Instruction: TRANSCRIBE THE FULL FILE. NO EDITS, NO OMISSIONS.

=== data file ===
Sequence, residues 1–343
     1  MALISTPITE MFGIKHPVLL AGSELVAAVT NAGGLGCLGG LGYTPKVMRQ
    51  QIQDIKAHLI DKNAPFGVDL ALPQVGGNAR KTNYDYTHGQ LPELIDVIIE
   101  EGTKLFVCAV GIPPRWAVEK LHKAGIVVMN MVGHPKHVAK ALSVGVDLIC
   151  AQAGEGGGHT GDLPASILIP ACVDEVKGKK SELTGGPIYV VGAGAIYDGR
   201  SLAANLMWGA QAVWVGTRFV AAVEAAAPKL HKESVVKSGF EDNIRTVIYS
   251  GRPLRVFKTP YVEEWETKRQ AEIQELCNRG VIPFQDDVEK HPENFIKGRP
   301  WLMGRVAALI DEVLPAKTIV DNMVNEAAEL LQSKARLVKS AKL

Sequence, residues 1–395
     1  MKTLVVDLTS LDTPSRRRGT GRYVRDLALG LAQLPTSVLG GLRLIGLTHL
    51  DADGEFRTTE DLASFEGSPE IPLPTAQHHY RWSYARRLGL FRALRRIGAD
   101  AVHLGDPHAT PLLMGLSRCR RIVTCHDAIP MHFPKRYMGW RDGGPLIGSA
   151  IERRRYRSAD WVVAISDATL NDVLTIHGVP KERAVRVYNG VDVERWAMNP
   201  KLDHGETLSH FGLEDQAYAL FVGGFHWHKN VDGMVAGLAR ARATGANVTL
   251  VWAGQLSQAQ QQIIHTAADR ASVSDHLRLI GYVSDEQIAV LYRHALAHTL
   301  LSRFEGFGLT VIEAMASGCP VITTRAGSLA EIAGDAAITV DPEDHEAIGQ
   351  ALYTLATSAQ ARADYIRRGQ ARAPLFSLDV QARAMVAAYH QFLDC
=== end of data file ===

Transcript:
Sequence, residues 1–343
     1  MALISTPITE MFGIKHPVLL AGSELVAAVT NAGGLGCLGG LGYTPKVMRQ
    51  QIQDIKAHLI DKNAPFGVDL ALPQVGGNAR KTNYDYTHGQ LPELIDVIIE
   101  EGTKLFVCAV GIPPRWAVEK LHKAGIVVMN MVGHPKHVAK ALSVGVDLIC
   151  AQAGEGGGHT GDLPASILIP ACVDEVKGKK SELTGGPIYV VGAGAIYDGR
   201  SLAANLMWGA QAVWVGTRFV AAVEAAAPKL HKESVVKSGF EDNIRTVIYS
   251  GRPLRVFKTP YVEEWETKRQ AEIQELCNRG VIPFQDDVEK HPENFIKGRP
   301  WLMGRVAALI DEVLPAKTIV DNMVNEAAEL LQSKARLVKS AKL

Sequence, residues 1–395
     1  MKTLVVDLTS LDTPSRRRGT GRYVRDLALG LAQLPTSVLG GLRLIGLTHL
    51  DADGEFRTTE DLASFEGSPE IPLPTAQHHY RWSYARRLGL FRALRRIGAD
   101  AVHLGDPHAT PLLMGLSRCR RIVTCHDAIP MHFPKRYMGW RDGGPLIGSA
   151  IERRRYRSAD WVVAISDATL NDVLTIHGVP KERAVRVYNG VDVERWAMNP
   201  KLDHGETLSH FGLEDQAYAL FVGGFHWHKN VDGMVAGLAR ARATGANVTL
   251  VWAGQLSQAQ QQIIHTAADR ASVSDHLRLI GYVSDEQIAV LYRHALAHTL
   301  LSRFEGFGLT VIEAMASGCP VITTRAGSLA EIAGDAAITV DPEDHEAIGQ
   351  ALYTLATSAQ ARADYIRRGQ ARAPLFSLDV QARAMVAAYH QFLDC